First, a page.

The European Commission (DG Growth) has asked Copenhagen Economics to identify the main drivers of FDI into the EU and construct an FDI Attractiveness Scoreboard that can be used to benchmark individual countries on their attractiveness. Measured by 18 indicators for 44 countries, the Scoreboard shows that Finland, Ireland and the Netherlands are the most attractive EU countries for FDI, while Italy, Greece and Croatia are the least attractive.
In 2014, the Czech Republic had the 7th highest FDI intesity (share of FDI as a % of GDP) among 25 assessed EU Member States. The report mentions US software investments in the Czech Republic, adding that Hungary, Poland, Bulgaria, the Czech Republic and Romania account for a combined share of 12 per cent of the value of US greenfield investments into this sector in the EU over the period 2003-2014. This is driven in part by the relatively low wage costs in Eastern Europe combined with a well-educated, English-speaking labour force.
In the period 2003-2014, the Czech Republic was among top five EU destinations in terms of greenfield investments by Japan. Also, Romania, Bulgaria, Poland and the Czech Republic accounted for close to a quarter of Russian greenfield
investments over the same time period.
Also in the 2003-2014 period, the Czech Republic was among Top 10 destinations for greenfield investments in the EU automotive sector (with 30 greenfield investments, that is 6% share of the total number of investments and 5% share of the total capital expenditure). Slovakia with 24 greenfield investments had 5% share of the total number of investments and 11% share of the total capital expenditure. Large FDI inflows into especially Poland, Hungary, Slovakia and the Czech Republic were deployed by Germany and directed towards the manufacturing sector in general but in particular towards the manufacturing of motor vehicles and other transport equipment. Among the drivers behind German investments in Eastern Europe, are a relatively low wage level and the geographical proximity and cultural similarities with Western European countries (IMF, 2013). German investments in the automotive industry in the Czech Republic and in Hungary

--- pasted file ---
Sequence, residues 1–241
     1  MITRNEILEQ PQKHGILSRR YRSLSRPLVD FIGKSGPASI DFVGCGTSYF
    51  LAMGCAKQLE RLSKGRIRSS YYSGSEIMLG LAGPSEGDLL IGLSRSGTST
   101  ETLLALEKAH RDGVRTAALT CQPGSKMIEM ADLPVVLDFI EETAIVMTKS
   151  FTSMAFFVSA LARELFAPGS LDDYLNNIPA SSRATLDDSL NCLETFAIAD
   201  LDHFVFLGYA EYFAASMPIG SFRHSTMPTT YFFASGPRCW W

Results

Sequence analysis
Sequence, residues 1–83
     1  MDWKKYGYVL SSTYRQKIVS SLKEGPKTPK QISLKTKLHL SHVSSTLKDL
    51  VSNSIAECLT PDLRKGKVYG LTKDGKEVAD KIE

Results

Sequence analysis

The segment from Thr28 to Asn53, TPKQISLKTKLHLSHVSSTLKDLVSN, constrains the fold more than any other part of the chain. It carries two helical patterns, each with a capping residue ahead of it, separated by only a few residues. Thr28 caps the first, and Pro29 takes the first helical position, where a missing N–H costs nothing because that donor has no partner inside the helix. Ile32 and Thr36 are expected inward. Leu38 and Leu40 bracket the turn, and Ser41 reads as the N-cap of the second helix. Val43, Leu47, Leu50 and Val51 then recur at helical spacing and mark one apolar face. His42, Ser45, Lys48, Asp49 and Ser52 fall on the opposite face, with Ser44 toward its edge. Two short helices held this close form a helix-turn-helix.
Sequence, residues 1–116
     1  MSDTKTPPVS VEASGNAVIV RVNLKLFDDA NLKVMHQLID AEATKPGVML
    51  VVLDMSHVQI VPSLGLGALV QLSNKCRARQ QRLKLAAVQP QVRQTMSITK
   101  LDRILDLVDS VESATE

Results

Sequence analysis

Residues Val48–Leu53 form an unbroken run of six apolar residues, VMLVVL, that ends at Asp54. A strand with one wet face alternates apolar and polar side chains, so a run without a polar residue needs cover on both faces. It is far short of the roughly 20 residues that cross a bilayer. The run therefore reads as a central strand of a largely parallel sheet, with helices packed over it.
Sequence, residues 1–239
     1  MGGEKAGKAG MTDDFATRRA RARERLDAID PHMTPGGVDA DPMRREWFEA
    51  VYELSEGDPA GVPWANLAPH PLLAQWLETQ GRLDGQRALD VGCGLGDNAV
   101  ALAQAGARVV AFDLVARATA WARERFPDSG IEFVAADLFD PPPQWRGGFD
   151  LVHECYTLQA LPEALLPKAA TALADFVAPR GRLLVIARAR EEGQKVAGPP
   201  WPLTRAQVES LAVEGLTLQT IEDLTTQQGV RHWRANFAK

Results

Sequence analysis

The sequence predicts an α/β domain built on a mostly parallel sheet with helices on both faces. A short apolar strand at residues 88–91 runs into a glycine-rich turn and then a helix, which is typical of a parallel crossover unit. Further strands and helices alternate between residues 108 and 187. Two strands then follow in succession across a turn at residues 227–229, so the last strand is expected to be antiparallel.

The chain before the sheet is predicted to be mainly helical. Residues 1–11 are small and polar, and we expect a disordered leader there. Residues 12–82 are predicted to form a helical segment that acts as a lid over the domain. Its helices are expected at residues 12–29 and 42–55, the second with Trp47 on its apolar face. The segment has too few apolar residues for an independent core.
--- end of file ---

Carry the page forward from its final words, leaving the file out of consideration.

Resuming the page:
have also been substantial.
A case study on SolarWinds, a hybrid IT infrastructure management software provider, says that aside from talent, other important factors in the company’s decision to locate in the Czech Republic and Poland include a good digital infrastructure in both countries (reliability and speed of internet), political stability and good English skills.
As for the scoreboard, the Czech Republic ranked 22nd for overall FDI attractiveness (the top perfomers being Hong Kong, Finland and Switzerland), 17th for infrastructure and market access, 26th for political, regulatory and legal environment, 29th for knowledge and innovation capacity (a negative change). Lithuania, the United Kingdom, Finland and the Czech Republic are the EU countries, which have improved the most their ranking position due to an increase in their relative wage competitiveness combined with reductions in corporate tax rates. In comparison, Slovakia is the Member State, which has fallen the most in the ranking and now ranks as the 17th most cost competitive country out of the 44 countries included, compared to the 9th in 2009. This is due to an increase in the corporate tax rate from 19 per cent in 2009 to 22 per cent in 2014. In the Czech Republic, the rate was 20 per cent in 2009 compared to 19 in 2014.
Read full report here (in English).
27th March 2020